Thermal alterations in the poro-mechanical characteristic of an Indian sandstone: a comparative study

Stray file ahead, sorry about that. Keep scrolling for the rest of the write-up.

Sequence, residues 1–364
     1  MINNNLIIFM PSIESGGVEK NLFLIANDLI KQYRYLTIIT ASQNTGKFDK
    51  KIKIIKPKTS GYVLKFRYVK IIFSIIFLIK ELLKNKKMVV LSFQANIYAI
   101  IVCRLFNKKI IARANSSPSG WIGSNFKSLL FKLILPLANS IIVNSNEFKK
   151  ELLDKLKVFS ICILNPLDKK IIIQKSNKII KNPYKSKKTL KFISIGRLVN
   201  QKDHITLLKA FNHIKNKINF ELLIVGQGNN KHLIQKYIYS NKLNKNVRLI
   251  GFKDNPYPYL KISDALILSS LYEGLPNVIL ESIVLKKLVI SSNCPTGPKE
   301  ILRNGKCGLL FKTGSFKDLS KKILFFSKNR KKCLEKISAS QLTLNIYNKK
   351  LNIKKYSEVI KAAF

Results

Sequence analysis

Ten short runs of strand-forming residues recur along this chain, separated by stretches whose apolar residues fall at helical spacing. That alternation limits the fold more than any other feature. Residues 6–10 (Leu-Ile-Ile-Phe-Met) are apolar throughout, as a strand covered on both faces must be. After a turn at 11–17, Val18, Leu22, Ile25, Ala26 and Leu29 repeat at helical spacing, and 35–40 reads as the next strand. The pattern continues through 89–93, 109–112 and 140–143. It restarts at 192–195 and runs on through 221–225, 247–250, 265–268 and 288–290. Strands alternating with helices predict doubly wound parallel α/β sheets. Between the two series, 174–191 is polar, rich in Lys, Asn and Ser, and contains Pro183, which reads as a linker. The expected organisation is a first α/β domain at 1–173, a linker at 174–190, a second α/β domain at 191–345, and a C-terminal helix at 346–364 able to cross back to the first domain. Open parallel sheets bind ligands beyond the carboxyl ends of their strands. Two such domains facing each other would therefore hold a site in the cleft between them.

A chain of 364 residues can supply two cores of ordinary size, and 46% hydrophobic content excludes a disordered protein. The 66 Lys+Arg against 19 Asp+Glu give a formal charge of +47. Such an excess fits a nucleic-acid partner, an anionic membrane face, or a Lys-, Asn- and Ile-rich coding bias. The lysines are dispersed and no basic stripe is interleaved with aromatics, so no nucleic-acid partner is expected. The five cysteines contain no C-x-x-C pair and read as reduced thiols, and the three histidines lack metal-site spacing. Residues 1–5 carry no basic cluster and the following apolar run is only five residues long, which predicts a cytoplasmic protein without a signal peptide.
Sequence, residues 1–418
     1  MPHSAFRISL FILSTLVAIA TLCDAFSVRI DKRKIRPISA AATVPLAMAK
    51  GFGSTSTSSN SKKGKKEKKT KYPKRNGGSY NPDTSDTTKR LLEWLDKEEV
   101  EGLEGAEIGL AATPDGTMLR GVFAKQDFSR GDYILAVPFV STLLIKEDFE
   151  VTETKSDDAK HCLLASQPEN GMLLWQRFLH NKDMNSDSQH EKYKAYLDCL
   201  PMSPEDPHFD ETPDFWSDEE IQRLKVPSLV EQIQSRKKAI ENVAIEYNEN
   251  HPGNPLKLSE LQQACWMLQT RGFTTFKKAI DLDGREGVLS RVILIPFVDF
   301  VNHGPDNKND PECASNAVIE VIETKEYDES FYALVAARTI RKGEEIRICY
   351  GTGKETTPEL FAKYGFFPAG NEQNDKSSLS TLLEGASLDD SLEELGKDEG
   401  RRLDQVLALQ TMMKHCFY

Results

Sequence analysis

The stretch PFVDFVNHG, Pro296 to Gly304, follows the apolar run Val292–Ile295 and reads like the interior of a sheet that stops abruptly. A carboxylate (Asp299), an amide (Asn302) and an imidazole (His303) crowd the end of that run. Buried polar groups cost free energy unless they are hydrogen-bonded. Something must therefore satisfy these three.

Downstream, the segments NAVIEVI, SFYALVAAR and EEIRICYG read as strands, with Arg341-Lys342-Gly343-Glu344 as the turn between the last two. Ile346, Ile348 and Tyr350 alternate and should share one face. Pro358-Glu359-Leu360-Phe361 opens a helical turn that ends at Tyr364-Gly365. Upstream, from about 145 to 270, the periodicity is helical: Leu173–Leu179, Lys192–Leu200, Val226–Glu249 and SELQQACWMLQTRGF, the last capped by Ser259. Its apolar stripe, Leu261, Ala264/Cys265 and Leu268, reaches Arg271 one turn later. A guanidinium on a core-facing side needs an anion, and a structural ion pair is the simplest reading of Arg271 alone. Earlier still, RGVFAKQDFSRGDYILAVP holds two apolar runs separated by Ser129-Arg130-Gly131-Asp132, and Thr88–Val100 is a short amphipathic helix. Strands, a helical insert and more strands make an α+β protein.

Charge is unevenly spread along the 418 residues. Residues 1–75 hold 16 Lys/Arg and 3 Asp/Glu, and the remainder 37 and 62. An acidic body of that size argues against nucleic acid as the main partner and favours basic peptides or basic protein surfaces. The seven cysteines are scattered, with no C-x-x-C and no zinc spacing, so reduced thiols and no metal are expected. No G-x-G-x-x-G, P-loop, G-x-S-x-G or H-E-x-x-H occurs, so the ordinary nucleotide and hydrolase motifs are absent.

Abstract Knowledge of the variations caused by high temperature to the mechanical properties is a vital asset in processes such as underground coal gasification (UCG), in-situ disposal of nuclear waste and during the recovery of geothermal. The study can also provide valuable insights during the restoration of fire-damaged buildings. Due to the presence of heat, changes in rock morphology and mineralogy lead to a substantial change in the geomechanical properties of rock. Effect of high temperatures (1000 °C) on the tensile and compressive strength of a fine-grained Indian Sandstone have been analysed in this study. Induced ductility, observed at temperatures above 500 °C causes the rock to exhibit properties similar to that of a plastic material. The geomechanical properties decrease sharply beyond 500 °C, which has been referred to as the critical temperature of the rock. Beyond the critical temperature, internal structure of the rock undergoes considerable damage in the form of microcracks and fissures created due to phase transition of quartz at 573 °C and generation of thermal stress. Change in internal structure and mineralogy have been analysed by performing XRD (X-ray powder diffraction) and FDXM (Four-dimensional X-ray microscopy) studies. With the help of FDXM, change in porosity of rock has been analysed by studying the variation in connected and non-connected pores.